7 Sided Dice
7-sided Dice from the 13th century
Two styles of 7-sided dice based on those portrayed in the "Book of Games" a manuscript commissioned by Aphonso X circa 1280 A.D. One is a 7-sided "log" die about 2" long, the other is a short polygon with 5 square faces and two five-sided faces. approximately 3/4." Molded in resin to simulate bone or ivory.
They were used with a form of 7-player Backgammon and a variation on Chess which was played on a board 10 squares on each side and extra pieces, the dice were used to determine which Chess piece you could move.
These dice can land with one corner facing up, so they were apparently scored by counting the the upper-most side that lands facing the player who rolled the die.
Although we are attempting to simulate hand-made dice based on a historic example, we took our master copies of these dice to a modern machine shop to mill the faces accurately in order to make them as random as possible.
When rolling the pentagonal die you can feel which way it is facing in your hand and effect the outcome. Therefore to get a more random result we recommend using some form of dice cup.
The "log" version works best if you "roll" it out of your hand rather than "throwing" it.
Set of 2 Dice
$10.00 + shipping
The description of the dice translated from the Alphonso MS:
"And these die are made like this: they have seven sides and the side with the highest number of pips is seven. They could not be made in another way for this game. Because the shape of this die is uneven it falls edge up, with two sides showing. The side closest to the roller is his. If they fall so that it cannot be determined which face to use, they are to be thrown until it can. As in the other, Larger Chess the pieces are moved by an eight-sided die, in this chess the ten pieces are moved by a seven-sided die. Because it has seven on the first side, six on the second, and so on down to one..."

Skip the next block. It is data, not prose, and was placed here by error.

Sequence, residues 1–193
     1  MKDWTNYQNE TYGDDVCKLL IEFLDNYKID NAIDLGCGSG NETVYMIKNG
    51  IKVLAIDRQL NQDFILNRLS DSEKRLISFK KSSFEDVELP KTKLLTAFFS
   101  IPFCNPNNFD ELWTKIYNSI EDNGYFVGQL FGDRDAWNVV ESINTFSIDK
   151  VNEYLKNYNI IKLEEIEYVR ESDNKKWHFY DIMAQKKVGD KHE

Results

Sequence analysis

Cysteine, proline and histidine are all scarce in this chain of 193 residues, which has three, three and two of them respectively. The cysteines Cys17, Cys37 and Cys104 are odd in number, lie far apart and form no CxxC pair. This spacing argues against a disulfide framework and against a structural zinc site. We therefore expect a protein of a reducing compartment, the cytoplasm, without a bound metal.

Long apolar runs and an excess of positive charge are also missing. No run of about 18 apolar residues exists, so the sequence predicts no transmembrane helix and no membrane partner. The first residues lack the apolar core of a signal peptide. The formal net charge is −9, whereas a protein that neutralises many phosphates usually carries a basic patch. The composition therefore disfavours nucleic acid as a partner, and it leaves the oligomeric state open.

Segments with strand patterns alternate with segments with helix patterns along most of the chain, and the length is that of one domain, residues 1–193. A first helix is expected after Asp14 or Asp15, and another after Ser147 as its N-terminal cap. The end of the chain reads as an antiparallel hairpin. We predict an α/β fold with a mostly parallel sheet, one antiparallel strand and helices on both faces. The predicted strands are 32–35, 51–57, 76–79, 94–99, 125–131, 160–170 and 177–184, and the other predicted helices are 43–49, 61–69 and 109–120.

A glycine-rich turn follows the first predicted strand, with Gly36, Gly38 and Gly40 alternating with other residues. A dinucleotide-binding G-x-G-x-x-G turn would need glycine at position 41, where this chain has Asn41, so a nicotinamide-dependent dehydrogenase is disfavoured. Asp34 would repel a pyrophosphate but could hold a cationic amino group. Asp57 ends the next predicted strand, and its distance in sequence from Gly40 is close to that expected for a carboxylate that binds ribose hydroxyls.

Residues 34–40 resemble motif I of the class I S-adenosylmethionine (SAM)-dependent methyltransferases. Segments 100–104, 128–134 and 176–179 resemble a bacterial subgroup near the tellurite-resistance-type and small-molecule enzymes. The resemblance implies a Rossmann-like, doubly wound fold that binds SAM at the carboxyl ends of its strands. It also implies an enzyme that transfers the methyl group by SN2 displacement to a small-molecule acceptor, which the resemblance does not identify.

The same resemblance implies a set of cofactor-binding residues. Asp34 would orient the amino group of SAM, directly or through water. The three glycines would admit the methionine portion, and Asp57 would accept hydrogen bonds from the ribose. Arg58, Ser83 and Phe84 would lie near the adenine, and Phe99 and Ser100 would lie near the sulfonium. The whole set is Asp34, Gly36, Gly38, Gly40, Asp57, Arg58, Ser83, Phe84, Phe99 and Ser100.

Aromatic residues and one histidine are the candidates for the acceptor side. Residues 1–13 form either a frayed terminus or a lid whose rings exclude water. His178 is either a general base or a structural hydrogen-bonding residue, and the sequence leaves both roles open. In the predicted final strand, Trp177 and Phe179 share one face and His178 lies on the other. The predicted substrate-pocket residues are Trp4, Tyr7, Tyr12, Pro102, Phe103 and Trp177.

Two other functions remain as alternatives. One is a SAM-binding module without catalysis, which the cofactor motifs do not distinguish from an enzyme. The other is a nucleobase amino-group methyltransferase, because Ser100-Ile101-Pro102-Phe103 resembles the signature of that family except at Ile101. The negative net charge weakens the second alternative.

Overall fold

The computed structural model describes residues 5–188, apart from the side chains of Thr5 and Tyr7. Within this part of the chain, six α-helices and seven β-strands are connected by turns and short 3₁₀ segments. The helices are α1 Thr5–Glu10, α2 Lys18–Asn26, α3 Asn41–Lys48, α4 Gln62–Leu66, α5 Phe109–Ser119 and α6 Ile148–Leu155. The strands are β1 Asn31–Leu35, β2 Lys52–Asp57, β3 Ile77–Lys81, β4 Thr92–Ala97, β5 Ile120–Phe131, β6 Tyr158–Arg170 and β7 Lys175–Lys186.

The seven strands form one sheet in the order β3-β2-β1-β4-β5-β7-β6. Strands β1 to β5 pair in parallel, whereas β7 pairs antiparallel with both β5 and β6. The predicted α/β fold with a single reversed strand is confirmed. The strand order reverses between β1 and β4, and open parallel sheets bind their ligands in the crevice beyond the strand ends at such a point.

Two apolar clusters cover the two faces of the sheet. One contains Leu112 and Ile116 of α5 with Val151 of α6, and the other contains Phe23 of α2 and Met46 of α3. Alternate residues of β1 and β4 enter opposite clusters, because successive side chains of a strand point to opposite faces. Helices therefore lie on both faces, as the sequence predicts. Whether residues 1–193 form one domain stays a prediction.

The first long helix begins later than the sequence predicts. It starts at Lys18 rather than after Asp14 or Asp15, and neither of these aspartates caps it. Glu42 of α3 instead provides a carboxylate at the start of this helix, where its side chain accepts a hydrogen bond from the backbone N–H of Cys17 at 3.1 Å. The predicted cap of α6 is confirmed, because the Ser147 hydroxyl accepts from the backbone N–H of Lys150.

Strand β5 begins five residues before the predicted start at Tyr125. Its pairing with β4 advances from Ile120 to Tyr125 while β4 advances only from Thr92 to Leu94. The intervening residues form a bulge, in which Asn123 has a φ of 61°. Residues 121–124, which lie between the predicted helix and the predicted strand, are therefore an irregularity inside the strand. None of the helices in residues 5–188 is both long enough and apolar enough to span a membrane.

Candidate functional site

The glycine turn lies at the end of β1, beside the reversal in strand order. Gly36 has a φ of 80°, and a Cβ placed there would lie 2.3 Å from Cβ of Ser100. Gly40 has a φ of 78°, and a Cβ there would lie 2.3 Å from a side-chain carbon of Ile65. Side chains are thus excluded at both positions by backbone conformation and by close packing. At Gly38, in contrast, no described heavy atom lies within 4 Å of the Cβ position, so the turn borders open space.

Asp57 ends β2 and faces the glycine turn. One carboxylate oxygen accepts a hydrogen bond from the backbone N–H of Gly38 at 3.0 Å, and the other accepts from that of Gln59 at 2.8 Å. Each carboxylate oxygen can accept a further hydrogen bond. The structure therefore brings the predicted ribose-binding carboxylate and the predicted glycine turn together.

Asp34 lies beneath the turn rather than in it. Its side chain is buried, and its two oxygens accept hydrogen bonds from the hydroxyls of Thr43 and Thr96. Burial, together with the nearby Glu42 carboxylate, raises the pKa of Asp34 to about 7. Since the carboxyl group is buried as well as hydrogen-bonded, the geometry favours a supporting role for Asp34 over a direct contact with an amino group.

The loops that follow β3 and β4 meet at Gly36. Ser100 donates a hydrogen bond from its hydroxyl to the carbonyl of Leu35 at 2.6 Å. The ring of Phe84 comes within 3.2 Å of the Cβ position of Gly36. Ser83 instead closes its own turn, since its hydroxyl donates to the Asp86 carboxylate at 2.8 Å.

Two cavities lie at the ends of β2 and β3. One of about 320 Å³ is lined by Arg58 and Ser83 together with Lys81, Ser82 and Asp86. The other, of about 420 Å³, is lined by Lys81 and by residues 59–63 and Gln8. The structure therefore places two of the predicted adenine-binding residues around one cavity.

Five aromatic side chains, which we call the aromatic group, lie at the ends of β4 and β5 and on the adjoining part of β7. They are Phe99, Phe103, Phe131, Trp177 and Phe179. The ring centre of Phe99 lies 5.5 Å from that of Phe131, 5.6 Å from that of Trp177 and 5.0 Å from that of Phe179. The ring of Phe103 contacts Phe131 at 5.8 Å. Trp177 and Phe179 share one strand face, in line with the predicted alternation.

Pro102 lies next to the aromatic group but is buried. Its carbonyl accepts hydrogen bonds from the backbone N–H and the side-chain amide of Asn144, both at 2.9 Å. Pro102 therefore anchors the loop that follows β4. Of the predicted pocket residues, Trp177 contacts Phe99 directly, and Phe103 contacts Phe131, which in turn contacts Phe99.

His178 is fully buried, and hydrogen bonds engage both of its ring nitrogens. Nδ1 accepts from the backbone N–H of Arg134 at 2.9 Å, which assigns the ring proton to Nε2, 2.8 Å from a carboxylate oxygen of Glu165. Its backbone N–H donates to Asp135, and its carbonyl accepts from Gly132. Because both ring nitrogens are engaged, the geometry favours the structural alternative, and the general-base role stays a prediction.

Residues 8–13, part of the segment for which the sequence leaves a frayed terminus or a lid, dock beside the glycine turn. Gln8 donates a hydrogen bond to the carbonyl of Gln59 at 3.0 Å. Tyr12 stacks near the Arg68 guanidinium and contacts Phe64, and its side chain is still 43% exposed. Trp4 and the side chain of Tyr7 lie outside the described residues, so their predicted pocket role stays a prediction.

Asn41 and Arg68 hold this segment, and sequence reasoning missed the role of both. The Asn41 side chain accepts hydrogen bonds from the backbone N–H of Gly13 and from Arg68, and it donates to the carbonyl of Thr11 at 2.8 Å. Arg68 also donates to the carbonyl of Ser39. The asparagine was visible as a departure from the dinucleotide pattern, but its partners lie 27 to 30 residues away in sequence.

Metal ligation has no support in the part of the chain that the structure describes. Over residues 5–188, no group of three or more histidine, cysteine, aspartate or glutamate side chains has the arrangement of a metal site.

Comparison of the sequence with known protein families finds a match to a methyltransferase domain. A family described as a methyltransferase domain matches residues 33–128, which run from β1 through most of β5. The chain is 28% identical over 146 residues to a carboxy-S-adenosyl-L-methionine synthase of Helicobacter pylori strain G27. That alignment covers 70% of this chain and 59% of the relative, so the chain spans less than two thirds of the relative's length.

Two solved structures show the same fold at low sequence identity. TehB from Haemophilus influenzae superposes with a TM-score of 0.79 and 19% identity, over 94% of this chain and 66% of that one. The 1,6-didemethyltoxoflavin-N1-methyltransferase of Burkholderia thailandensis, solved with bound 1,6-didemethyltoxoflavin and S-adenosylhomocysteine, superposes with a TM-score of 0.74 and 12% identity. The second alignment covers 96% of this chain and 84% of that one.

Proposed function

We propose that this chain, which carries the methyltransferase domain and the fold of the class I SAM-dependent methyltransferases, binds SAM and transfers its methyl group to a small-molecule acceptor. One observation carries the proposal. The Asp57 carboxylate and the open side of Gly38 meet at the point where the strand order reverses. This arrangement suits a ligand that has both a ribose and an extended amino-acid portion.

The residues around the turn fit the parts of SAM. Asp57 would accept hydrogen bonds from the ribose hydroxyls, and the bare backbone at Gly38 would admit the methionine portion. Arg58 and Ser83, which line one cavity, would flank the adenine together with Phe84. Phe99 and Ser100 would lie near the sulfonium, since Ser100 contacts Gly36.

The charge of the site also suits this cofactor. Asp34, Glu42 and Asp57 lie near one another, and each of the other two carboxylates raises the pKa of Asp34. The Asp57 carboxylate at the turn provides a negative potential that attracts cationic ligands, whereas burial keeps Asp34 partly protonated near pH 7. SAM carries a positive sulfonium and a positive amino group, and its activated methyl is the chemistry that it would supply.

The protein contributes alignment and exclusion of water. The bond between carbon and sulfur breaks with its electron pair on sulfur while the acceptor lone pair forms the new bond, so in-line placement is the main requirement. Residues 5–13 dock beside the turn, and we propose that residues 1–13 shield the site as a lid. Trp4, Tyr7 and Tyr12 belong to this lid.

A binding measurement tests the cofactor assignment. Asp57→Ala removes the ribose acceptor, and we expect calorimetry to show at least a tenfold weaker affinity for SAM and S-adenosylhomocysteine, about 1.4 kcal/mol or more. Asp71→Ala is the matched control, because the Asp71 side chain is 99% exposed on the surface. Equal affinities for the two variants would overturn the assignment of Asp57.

"There are other seven-sided dice than the ones We describe above. And this is how they are: they have two flat ends, the upper end with seven and the lower with six. The sides have five faces and because the sides are odd in number they cannot help but fall edge up. And for these five sides the play is the same as We described before. And this is what they look like."